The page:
The Coreopsis Moonbeam that wouldn't go away!
By Carrie Lamont (carrielamont) July 12, 2011
(Editor's Note: This article was originally published on March 3, 2008. Your comments are welcome, but please be aware that authors of previously published articles may not be able to promptly respond to new questions or comments.)
The first real perennial I ever planted was Coreopsis 'Early Sunrise'. I don't remember anything about the soil, or the drainage, or the moisture, or the amount of sun or shade it got. I just dug a hole and stuck it in. I do remember that it came back every summer and bloomed and bloomed and bloomed. I discovered (all by myself, I might add) that if I picked off the dead flowers, new ones would replace them. It didn't occur to me that I should be fertilizing it, using water-holding crystals or giving it foliar feedings with alfalfa tea because I hadn't heard of most of those things. It was planted against a chain-link fence, and grew tall and strong against the fence. I don't have any pictures of it because I was too busy taking pictures of the children I was growing to waste film (yes, film) on anything so silly as a plant! I haven't lived at that house since my 14-year-old daughter was born.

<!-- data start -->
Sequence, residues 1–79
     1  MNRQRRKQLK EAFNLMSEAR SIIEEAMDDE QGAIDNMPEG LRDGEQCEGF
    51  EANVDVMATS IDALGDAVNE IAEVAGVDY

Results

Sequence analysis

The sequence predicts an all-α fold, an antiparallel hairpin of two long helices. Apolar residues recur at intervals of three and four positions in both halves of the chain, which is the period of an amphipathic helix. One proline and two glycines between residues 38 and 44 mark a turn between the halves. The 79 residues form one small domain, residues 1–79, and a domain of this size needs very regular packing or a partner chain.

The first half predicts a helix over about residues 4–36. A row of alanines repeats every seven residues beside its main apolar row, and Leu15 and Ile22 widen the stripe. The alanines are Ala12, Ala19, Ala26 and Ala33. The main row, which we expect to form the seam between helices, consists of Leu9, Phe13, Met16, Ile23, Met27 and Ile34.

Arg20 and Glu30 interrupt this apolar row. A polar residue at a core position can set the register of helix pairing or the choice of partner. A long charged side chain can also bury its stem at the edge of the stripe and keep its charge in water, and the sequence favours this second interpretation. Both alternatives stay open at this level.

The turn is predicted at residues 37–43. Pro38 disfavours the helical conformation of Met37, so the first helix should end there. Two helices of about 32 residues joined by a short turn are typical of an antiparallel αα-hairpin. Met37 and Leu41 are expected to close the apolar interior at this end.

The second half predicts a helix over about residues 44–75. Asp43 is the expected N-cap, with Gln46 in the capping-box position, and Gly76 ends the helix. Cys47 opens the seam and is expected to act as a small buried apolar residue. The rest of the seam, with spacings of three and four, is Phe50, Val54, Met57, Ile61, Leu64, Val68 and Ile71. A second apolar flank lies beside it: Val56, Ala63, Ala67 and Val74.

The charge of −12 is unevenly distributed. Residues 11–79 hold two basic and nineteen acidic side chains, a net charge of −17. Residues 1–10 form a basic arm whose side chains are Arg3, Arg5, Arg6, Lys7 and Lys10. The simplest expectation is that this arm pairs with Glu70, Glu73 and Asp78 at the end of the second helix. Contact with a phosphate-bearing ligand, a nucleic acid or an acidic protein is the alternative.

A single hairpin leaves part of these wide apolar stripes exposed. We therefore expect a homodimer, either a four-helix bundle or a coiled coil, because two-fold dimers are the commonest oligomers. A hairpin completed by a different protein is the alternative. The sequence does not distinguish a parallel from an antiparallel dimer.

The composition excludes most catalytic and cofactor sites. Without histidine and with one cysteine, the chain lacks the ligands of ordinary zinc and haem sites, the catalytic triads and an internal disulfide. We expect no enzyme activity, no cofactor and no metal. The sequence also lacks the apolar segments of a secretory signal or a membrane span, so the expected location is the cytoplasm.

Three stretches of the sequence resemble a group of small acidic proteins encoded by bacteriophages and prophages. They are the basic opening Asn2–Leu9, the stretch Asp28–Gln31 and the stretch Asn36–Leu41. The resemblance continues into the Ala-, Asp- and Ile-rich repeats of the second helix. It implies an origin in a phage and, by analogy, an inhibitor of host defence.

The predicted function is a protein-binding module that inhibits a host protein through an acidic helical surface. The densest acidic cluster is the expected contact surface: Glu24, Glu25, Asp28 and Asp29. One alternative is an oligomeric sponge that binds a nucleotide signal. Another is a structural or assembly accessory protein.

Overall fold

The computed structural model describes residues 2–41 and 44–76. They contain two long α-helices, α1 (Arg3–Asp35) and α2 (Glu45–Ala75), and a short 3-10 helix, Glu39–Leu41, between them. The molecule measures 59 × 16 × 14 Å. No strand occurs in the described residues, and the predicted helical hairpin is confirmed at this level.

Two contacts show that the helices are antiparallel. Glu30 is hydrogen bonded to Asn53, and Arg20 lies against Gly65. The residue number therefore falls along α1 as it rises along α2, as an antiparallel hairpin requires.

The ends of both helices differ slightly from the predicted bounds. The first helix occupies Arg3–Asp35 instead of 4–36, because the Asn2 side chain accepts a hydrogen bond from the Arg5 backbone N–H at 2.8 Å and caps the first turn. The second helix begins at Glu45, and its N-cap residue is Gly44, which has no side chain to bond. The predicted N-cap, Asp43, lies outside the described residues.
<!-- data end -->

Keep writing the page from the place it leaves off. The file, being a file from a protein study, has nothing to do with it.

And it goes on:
In my new house, where I planned to stay longer, I planted things in containers while deciding what to do about seemingly more pressing concerns (the water in the basement, the absence of a refrigerator in the kitchen). The previous owner had left behind half a whiskey barrel, and I found a plant that I liked at a garden center to put in it. It was the same Coreopsis thing, only this one was Coreopsis 'Moonbeam'. It looked ok to me, why not? I stuck it in the whiskey barrel and continued the business of being a mother and wife in a wheelchair.